The Role of a Director of Photography
are four key roles on a film crew. There’s the Director whose job it is to bring
the whole creative vision of the production to the screen. The producer who is
responsible for the finances and who might also have an influence on the
creative process, depending on the type of production it is. The Production
Manager who is responsible for all the paperwork that needs to be done. Then
there’s the Director of Photography (DoP), who works closest with the Director
to help achieve their creative vision, who can sometimes bear as much
responsibility (and accountability) as the Director when it comes to bringing
the whole creative endeavor to fruition.
As the second most important creative member of a film production team, the job
of the DoP is to work closely with the Director and Production Designer to help
find the visual essence of the film, then produce a distinct and unique look and
feel that captures this.
The DoP achieve their goals through a creative decision making process in
relation to lighting and camera work that will result in the desired effect on
the mood of each individual scenes of the film. They will work closely with the
camera crew, in order to ascertain just how each and every shot of the film
production will be filmed, regarding elements such as the types and styles of
lighting required, the different types of camera angles to use, any camera
movement required and what, if any, lens filters will need to be used.
Ultimately, the DoP will establish a signature look for a film, then work out
how to achieve that look in each and every scene, as the light requirement will
no doubt change from one scene to another.
Preparation for a film and just what the signature look will be begins with
source material, such as photographs, images from other films and/or television
series that reflect the look and feel that the Director wishes to achieve with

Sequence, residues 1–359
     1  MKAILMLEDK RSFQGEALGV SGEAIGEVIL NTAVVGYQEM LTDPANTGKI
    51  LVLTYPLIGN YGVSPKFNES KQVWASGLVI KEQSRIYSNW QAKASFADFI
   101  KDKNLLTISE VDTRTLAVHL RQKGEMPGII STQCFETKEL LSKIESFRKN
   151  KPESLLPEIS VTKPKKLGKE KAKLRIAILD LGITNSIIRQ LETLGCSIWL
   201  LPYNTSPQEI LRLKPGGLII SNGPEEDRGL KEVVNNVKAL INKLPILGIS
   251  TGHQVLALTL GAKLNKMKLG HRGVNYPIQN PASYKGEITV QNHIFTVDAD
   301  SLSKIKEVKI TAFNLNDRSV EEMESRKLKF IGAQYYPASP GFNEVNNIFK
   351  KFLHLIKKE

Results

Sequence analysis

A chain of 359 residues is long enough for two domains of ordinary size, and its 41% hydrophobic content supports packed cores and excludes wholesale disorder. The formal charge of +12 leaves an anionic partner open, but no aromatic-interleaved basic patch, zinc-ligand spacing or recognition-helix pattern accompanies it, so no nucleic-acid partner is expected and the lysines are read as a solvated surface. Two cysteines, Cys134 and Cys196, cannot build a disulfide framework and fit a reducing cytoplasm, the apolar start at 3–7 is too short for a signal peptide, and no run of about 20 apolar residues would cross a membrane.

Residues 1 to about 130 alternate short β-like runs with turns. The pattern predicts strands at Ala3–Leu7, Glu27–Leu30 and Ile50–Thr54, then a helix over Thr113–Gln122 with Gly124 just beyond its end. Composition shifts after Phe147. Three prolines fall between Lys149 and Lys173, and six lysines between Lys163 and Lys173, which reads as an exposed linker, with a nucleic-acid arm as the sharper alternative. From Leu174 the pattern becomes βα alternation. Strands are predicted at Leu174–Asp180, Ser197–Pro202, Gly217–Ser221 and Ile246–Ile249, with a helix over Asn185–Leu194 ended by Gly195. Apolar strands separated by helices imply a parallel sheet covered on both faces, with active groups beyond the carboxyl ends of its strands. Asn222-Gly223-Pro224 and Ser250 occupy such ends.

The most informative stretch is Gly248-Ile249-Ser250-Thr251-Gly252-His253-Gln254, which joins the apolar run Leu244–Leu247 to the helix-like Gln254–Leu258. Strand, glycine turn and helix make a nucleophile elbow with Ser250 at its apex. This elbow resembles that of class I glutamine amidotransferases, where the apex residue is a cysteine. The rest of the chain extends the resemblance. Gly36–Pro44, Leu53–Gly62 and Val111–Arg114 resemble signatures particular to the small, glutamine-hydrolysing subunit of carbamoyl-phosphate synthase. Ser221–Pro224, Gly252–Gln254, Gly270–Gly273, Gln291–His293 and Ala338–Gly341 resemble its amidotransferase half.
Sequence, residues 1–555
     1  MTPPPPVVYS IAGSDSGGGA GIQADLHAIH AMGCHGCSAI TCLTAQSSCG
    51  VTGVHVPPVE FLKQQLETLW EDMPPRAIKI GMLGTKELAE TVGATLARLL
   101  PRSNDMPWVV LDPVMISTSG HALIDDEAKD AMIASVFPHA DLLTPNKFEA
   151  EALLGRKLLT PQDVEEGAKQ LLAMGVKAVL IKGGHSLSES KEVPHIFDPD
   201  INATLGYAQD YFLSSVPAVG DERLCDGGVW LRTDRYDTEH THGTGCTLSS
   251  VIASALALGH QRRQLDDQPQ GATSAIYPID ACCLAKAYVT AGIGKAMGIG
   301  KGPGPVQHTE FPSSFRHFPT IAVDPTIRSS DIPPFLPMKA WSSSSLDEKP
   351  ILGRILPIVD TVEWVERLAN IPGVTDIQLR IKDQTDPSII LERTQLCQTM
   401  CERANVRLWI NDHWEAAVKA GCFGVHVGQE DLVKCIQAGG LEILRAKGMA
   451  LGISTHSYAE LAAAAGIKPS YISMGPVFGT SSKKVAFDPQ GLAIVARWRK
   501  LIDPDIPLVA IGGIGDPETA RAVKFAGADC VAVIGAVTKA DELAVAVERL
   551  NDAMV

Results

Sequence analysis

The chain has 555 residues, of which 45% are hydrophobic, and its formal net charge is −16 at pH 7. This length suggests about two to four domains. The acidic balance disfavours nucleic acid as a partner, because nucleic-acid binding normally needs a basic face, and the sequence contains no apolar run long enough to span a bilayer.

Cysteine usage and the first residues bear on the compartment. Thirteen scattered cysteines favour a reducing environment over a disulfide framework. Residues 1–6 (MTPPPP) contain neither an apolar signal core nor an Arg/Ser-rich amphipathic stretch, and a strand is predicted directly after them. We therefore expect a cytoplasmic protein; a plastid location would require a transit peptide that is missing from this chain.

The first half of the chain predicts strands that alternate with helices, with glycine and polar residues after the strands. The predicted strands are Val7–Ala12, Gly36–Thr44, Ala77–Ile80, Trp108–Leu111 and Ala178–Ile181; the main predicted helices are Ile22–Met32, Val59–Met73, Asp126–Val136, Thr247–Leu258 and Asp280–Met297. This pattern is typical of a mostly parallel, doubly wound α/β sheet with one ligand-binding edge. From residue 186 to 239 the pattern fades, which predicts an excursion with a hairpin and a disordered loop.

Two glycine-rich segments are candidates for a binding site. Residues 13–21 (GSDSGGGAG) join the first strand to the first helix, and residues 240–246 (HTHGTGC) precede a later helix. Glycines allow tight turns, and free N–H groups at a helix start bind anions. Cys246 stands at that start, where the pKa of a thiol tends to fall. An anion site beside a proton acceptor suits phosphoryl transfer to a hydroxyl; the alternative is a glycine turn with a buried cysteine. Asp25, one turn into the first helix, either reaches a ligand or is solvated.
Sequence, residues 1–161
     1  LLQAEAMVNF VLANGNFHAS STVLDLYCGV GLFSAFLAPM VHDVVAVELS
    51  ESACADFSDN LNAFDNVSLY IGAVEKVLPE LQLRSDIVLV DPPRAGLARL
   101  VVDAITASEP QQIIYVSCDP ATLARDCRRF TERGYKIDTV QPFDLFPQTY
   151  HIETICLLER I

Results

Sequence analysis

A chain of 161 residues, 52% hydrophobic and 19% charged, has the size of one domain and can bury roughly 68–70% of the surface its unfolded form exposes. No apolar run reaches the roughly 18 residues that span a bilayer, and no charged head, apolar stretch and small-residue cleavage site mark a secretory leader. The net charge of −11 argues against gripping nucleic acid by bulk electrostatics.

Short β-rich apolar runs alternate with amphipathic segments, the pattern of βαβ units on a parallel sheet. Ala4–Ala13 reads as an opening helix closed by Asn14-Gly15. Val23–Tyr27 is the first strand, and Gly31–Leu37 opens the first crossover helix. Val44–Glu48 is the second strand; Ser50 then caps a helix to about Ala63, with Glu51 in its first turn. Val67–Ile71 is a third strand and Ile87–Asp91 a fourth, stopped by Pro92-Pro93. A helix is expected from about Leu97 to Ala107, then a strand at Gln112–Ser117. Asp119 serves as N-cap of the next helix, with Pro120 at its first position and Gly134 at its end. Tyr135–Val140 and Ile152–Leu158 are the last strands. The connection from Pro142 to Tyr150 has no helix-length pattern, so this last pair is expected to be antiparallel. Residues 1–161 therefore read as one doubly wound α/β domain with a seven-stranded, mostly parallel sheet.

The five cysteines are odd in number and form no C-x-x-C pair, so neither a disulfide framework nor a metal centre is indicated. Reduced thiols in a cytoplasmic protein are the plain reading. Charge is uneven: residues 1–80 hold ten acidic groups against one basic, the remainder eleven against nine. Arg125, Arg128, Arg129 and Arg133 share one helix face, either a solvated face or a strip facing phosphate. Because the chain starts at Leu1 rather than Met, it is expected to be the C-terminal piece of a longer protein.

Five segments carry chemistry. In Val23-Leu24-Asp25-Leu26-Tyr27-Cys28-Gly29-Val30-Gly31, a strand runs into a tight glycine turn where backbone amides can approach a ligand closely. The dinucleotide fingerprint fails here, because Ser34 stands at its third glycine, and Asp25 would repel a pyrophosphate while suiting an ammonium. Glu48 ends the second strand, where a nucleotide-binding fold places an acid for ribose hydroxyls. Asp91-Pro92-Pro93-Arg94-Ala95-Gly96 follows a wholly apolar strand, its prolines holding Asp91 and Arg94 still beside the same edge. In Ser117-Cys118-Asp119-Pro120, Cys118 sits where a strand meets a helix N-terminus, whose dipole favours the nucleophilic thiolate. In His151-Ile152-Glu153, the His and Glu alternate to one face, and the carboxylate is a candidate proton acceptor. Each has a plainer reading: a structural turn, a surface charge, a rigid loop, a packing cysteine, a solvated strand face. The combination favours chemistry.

While the technical side of the profession – such as camera operation,
lighting style and lighting set up – can easily be taught, the true measure of a
DoP comes from one’s innate ability to engage and entertain an audience with the
visual language of a film that is expressed through the DoP’s creative
set, a DoP works closely with the Gaffer, whose job it is to set up all the
lighting equipment. Despite playing no creative role, the gaffer – along with
his assistant, known as a Best Boy and the Key Grip, who works with equipment
relating to the lighting – plays a key role in getting the exact look and feel
of the film. Collaboration with the Production Designer and other creative
department managers – such as those of the Costume Design and Hair and Make Up
departments – are important in order to achieve the collective creative goals of
First and foremost, the DoP runs through the scene that they will be shooting
for the day with the Director. They discuss their pre-production notes and look
over the recce notes – that is, the DoP’s location notes, about how best to
utilize light sources or how best to set up artificial light sources. The two
will discuss how they’ll achieve the signature visual look and feel of the film.
The DoP will write up a list of the equipment they’ll require – beyond the
obvious, such as cameras and light related equipment, they’ll also require film
stock and possibly cranes – and submit the list to the production office, where